Heard at ICE Sports Betting Conference
There has been no shortage of industry events aimed at providing much needed insight into the forming U.S. sports wagering industry. ICE Sports Betting Conference USA, which took place this past November in New York City, was one such gathering. What follows are some speaker highlights from the conference portion of this show:
James Murren, chairman and CEO of MGM Resorts International, on integrity fees and dealing with sports leagues: “We are paying for league data. We sat down with the various leagues for several months… and evaluated what kind of partnership we could bring to the table that could be of benefit for both of us. Right up front we said we were not interested in paying an integrity fee, and that we are actually offended by that concept. It is disturbing to us because our whole business model is based on integrity… we don’t feel like we need to pay a fee for what we do every single day.
“But we are willing to pay—and pay well—for data, sponsorships and co-branding. So each of our three deals [with professional leagues] are slightly different, but all have these same concepts.”
Jason Robbins, CEO, DraftKings, on converting fantasy players to live sports bettors: “A little over 40 percent of our daily fantasy players in New Jersey have used the sports betting app since September 1 and made bets. This is actually lower than I thought it would be… but maybe my expectations were too ambitious. I thought there was more overlap, which I think there still is, but what I am learning is that peoples’ habits are still sticky. In addition, it is taking more time to convert people over from the black market then one might have thought.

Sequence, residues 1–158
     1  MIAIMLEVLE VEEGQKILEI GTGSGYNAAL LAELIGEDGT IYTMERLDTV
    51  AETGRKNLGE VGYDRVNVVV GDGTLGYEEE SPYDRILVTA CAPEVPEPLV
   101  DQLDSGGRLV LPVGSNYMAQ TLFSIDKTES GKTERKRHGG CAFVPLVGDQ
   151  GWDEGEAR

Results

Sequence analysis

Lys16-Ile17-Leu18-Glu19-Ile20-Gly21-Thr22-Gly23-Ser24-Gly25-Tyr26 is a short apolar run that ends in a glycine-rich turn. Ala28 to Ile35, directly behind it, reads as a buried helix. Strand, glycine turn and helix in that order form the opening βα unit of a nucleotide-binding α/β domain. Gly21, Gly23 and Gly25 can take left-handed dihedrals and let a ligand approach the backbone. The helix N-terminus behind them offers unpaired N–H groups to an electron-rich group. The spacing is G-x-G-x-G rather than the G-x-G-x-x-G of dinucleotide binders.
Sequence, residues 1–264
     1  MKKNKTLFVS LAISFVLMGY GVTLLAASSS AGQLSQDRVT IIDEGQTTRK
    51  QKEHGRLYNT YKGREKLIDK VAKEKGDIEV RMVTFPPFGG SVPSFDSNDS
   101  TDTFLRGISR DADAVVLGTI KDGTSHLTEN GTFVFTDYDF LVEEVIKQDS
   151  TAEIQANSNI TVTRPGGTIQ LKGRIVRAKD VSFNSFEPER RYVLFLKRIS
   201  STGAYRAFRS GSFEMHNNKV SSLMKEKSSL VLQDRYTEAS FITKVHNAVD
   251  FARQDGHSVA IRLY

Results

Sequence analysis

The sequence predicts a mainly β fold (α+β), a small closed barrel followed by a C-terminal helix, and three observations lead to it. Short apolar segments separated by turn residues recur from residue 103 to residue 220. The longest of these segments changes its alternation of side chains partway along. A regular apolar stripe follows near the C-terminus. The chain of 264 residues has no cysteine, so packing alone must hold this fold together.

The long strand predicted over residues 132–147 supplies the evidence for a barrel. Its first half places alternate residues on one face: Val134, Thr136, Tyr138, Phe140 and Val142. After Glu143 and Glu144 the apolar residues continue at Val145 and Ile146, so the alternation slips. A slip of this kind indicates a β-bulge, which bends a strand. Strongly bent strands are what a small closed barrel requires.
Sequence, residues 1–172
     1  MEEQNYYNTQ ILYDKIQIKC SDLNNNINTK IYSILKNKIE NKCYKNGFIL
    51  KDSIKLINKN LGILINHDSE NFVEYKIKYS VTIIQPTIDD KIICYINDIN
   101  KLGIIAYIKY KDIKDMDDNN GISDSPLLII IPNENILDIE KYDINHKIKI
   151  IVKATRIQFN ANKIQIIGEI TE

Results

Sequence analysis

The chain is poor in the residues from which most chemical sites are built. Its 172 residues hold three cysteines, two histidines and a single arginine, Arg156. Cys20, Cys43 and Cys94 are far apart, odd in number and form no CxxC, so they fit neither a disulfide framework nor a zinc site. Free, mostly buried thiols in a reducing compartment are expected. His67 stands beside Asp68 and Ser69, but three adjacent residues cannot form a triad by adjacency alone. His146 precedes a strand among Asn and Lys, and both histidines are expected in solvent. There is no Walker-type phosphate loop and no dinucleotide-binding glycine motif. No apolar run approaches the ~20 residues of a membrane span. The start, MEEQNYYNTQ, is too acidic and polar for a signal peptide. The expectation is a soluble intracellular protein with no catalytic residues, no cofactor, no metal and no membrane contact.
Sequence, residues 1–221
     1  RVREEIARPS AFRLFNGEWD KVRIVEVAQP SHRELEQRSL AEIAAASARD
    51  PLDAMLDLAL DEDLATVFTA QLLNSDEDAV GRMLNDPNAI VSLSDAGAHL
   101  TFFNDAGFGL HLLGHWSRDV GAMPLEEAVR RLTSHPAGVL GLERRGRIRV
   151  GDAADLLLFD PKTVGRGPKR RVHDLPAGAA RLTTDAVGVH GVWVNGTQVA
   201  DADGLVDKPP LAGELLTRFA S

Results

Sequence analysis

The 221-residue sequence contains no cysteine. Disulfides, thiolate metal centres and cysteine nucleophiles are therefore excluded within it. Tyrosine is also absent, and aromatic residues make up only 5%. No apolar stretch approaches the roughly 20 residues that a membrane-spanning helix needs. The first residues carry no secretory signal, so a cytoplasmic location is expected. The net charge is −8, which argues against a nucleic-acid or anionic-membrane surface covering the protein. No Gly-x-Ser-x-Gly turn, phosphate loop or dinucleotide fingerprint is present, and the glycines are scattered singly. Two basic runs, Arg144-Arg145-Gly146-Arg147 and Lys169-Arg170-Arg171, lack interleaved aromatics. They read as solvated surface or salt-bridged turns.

“I personally like betting on both sports and fantasy, but prefer fantasy sports. It is like anything else… there are different entertainment activities that people chose. What we want is to have decent products that have good overlap among our customers so you get good crossover. We feel we have that, but there is absolutely a segment of the audience that prefers one versus the other and there is a segment that loves both and will continue to play both.”
Sharon Otterman, chief marketing officer, William Hill USA, on the value of data from sports leagues: “We think there is a lot of value in having the official league data, but we think there is a need for it not to be the only data source. The challenge for us is that if there is a monopoly in this space, it really hurts our pricing to consumers. Sports betting has a very low margin; a lot of big numbers get reported, but when you really do the math on how much a sportsbook makes, it is a very small margin. The more we take out of that due to unfair pricing across all the places we can get data, the consumer gets hurt at the end of the day.”